Psalm 77:10

Discussion in '2003 Archive' started by Haruo, Jun 16, 2003.

  1. Haruo

    Haruo
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    We were reading this psalm last night at Fremont, and discovered a great deal of confusion amongst the various versions' renderings. KJV introduces "remembering", RSV "changing", and NIV "appealing" to compensate for what apparently must be a very obscure if not downright defective Hebrew text; it was not clear whether they made those up or were following others (e.g. Septuagint or Vulgate) or what. The single best feature of the KJV in Bible study, in my opinion, is its use of italics to note where it has added to the text; I'd be interested in how various people on this forum feel translators ought to warn their readers of this sort of thing. (My impression is that in this particular case NIV is to be taken to task for not footnoting the obscurity; RSV probably should have, too. We also consulted a couple of other versions, and The Message, but I don't recall their particular solutions.

    Haruo
     
  2. Pastor_Bob

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    The KJV translators make the sense to be that David would console himself by remembering the goodness of God to himself and others of his people in times gone by. But the original seems to consist only of the words, "the years of the right hand of the most High," and to express the idea that his long continued affliction, reaching through several years, was allotted to him by the Lord.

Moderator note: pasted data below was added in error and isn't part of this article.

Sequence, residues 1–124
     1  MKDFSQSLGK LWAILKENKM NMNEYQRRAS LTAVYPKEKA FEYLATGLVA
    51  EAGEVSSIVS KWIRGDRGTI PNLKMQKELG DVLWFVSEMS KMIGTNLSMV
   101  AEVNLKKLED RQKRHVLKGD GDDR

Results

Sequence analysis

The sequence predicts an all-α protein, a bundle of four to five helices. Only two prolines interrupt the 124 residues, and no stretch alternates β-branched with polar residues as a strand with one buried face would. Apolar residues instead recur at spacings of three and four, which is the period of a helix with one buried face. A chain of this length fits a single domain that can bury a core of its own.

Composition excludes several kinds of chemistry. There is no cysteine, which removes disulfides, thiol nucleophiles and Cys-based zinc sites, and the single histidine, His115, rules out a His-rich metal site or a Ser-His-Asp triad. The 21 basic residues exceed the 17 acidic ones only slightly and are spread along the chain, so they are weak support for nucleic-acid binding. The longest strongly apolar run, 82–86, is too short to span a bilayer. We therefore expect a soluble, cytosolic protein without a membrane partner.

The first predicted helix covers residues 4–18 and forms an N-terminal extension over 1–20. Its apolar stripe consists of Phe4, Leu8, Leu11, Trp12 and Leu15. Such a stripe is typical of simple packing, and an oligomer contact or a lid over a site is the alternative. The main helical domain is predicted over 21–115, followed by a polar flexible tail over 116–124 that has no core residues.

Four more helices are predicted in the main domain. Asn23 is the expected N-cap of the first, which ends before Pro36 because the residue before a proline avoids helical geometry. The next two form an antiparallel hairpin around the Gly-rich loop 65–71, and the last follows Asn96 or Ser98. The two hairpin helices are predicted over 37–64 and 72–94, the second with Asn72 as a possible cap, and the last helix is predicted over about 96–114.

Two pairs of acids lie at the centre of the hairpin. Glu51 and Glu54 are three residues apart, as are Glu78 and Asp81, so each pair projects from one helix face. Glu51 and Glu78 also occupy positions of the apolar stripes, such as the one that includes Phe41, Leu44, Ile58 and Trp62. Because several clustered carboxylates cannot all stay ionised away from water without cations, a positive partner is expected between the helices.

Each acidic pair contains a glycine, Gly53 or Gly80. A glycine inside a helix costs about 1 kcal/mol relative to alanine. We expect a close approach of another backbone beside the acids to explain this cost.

The word "remember" is borrowed from the next following verse, to supply the sense of this verse.

    Ps 77:10 And I said, This is my infirmity: but I will remember the years of the right hand of the most High.
    11 I will remember the works of the LORD: surely I will remember thy wonders of old. (KJV)

    I believe the KJV does a very good job of indicating when a word or phrase was not in the original text. I also feel they did a good job of adding these words and phrases for greater clarity. It seems they have stayed within the context of each passage.
     
  3. TomVols

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    I believe the NASB and NKJV do the same, with marginal notes that indicate mss support for chosen and alternative renderings.
     
  4. Istherenotacause

    Istherenotacause
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    Quote

    We were reading this psalm last night at Fremont, and discovered a great deal of confusion amongst the various versions' renderings.

    Hauro, I couldn't have said it better myself! [​IMG]

    That "confusion" is exactly why I stick with the KJB. It's not as many suspect that the KJB translators "added" words to the thought, but put those "italicized" words in the English text to clarify that thought. Have you ever tried reading the text w/o the italicized words? For the most part it still makes perfect sense, but it reads more like "broken English" w/o those "italicized" words.

    I'm not confused by the KJB, I'm clarified!